Aerial Survey of the Maldives
The April 2008 issue of GIM International (page 11) summarised a project to map the Maldives as an example of how aerial photogrammetry is today applied for mapping large, complex areas. The authors provide further details of the Maldives project, its biggest achievement being first-time-ever 1:25,000 topographic maps of the entire country and 1:1,000 maps of sixteen islands.<P>
Republic of Maldives is a chain of islands in the Indian Ocean, spreading north-south over 868km and covering 90,000km2, 99% of which is water. The land area consists of 1,192 islands populated by 280,000 (2001) people. At the turn of the millennium ideas emerged for replacing by more detailed maps the 1:300,000 maps published in 1993 to cover the whole of Maldives. A project was subsequently prepared by the National Remote Sensing Agency (NRSA), Hyderabad, Department of Space (DOS), Government of India aimed at:
-establishing a WGS-84 national datum
-preparing digital maps at scale 1: 25,000 using 1: 40,000 aerial photos for entire Maldives
-preparing 1:1,000 digital maps using 1:6,000 aerial photographs for sixteen islands
-establishing a remote-sensing centre at Male, capital of Maldives.
Most challenging was to bring all data into a single grid coordinate system for the entire country.
World Geodetic System (WGS)-84 is a datum available worldwide and capable of supporting densification of national geodetic networks for purposes including mapping and GIS applications, navigation, hydrography, monitoring sea-level variation, geoid modelling and deformation analysis. Thirteen primary GPS stations were created on different islands. The selection criteria for locating these stations included: (1) open to sky without obstructions, for satellite signals, (2) elevation angle larger than 10 degrees, and (3) at least one station lying in a one-degree geographical grid. The reference station in Male belongs to the International GNSS Service (IGS), formerly the International GPS Service. The thirteen stations have concrete monuments topped by brass marker plate. To determine their accurate coordinates, each station has been equipped with geodetic-grade, dual-frequency GPS receiver, measuring for at least three days from 6 a.m. to 6 p.m. at 30-second intervals. At least four satellites should be simultaneously visible at any one time, with as cut-off angle 15°. Initially, only static, multi-station, differential GPS processing was implemented. After manual account of cycle slips on L1 and L2, double-difference carrier-phase measurements were used to obtain the final solutions. Post-fitted, precise ephemeris data was used, since real-time broadcast ephemeris data entails approximations up to 3.6m. IGS stations at Bangalore (India), Diego Garcia island (Indian Ocean), Singapore and Manama in Bahrain are used as reference hub stations; their WGS-84 coordinates have an accuracy of 2cm horizontally and 4cm vertically.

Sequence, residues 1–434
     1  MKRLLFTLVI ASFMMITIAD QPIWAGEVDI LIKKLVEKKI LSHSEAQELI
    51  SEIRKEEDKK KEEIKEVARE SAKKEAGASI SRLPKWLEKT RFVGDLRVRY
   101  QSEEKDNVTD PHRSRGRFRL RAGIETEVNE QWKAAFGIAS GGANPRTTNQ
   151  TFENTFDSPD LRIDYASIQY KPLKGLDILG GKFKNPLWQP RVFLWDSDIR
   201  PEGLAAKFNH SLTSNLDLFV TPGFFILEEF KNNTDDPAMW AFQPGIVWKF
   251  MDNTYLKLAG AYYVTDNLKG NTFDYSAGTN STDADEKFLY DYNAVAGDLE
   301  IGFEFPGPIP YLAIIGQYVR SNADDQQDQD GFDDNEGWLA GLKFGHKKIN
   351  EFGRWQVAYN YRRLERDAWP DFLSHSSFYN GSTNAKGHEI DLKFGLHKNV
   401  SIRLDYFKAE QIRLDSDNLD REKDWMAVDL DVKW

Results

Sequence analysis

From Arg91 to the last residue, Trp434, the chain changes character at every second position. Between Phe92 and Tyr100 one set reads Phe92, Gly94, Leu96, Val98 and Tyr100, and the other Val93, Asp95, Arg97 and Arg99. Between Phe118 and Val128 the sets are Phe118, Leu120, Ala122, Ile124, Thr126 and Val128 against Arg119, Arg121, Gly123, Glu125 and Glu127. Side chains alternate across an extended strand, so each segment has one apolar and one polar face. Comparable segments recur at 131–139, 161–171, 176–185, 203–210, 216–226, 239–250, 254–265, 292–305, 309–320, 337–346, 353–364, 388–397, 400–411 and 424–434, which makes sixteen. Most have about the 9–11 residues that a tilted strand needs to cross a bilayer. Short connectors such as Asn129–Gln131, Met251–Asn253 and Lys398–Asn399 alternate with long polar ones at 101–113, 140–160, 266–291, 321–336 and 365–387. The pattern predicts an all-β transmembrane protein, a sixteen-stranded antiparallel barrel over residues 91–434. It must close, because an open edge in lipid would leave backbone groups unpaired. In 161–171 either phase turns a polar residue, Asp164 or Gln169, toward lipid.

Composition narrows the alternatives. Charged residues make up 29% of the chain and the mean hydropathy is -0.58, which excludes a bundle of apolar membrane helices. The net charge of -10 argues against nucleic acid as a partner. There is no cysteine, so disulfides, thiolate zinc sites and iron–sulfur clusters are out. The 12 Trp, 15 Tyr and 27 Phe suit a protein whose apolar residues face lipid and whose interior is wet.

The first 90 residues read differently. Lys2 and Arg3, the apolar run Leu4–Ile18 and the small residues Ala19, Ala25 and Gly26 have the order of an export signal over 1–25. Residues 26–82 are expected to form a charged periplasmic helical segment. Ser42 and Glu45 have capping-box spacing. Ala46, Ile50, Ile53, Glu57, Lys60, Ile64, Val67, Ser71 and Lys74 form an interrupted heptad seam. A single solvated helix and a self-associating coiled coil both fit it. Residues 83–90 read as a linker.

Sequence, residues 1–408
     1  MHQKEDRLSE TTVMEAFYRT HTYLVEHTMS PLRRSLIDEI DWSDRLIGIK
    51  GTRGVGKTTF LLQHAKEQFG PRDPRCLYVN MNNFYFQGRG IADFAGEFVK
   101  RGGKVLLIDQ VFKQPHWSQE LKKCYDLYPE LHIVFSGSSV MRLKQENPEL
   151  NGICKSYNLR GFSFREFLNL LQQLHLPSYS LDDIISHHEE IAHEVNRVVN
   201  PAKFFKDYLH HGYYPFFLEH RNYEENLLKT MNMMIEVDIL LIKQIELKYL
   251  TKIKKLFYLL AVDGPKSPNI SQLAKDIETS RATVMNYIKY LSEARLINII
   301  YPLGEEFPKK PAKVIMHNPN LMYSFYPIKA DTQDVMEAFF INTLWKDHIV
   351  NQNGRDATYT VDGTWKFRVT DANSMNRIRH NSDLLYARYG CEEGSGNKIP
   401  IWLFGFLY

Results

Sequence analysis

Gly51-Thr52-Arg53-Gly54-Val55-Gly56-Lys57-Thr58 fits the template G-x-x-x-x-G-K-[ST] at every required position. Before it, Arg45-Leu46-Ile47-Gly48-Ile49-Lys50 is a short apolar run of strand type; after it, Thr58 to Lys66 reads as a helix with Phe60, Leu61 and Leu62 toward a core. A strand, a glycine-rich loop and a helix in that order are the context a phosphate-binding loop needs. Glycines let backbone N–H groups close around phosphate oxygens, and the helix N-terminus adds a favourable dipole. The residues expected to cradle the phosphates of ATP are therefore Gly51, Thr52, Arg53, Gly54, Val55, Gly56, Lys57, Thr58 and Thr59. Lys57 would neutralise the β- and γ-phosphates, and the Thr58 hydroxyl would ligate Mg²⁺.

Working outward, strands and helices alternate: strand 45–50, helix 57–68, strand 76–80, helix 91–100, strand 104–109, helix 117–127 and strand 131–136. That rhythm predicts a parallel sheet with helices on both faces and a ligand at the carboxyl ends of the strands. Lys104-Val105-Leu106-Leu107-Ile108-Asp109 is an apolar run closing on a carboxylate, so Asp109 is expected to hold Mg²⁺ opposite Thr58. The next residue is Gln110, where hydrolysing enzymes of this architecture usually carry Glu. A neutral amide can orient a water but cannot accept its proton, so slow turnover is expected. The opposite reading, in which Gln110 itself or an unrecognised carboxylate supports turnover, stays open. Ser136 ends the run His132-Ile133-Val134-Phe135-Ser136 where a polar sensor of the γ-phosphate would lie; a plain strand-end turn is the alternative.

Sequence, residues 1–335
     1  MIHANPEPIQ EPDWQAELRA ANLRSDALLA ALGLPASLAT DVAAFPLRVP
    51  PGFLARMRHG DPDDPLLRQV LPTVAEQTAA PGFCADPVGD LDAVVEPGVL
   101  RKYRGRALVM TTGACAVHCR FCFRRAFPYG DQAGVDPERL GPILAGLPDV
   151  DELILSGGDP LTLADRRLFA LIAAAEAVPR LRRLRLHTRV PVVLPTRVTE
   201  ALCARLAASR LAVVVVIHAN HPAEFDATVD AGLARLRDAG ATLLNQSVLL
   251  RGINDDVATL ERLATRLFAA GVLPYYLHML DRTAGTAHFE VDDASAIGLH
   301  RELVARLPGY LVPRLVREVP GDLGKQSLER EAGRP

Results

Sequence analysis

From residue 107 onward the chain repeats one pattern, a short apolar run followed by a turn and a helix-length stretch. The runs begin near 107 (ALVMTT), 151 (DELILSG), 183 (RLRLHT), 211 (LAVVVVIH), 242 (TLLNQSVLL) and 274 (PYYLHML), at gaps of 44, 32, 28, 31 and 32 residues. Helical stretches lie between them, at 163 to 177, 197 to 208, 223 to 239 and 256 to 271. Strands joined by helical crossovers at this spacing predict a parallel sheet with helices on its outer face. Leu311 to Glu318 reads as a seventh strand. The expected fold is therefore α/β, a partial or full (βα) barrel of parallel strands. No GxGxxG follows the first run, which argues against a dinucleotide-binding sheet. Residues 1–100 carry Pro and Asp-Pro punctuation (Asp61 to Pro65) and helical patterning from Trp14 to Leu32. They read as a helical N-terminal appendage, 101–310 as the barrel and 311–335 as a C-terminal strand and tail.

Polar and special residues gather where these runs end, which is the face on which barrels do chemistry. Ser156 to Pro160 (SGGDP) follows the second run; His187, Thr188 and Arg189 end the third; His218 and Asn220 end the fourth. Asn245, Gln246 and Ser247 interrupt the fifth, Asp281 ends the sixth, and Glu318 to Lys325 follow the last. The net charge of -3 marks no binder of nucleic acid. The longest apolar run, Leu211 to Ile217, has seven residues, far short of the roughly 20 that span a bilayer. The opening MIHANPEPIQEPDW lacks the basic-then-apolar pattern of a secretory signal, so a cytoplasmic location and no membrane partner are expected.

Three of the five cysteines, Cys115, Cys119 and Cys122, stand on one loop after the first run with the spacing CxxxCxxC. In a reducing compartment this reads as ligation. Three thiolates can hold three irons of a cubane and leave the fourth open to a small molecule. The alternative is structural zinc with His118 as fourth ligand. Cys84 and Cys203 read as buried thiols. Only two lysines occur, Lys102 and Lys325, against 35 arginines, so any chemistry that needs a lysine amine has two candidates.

The GPS receivers should not only be able to simultaneously track twelve satellites, but should also be dual-frequency, with as main selection criteria:
-L1 pseudo-distance measurements, uncertainty < 0.2m
-L2 carrier-phase measurements, uncertainty < 0.1cm
-L1 pseudo-distance measurements (from encoded pcode), uncertainty 0.1cm
-full wavelength on L2
-low phase and code noise?-high sampling rate for L1 and L2
-high memory capacity with low power consumption.
Baseline distances between the stations are high, and IGS stations around Maldives are up to a few thousand kilometres away. Since commercial GPS post-processing software for long baselines is unavailable, software from University of Bern was used, it having the ability to detect cycle slips and handle long GPS baselines in sessions taking up to weeks. Furthermore, the Bernese software has improved mathematical models for automatic estimation of tropospheric effects, flexible strategies for estimating several unknowns, and was earlier used to establish New Zealand’s Geodetic Datum 2000 and to support the Malaysian geoid project.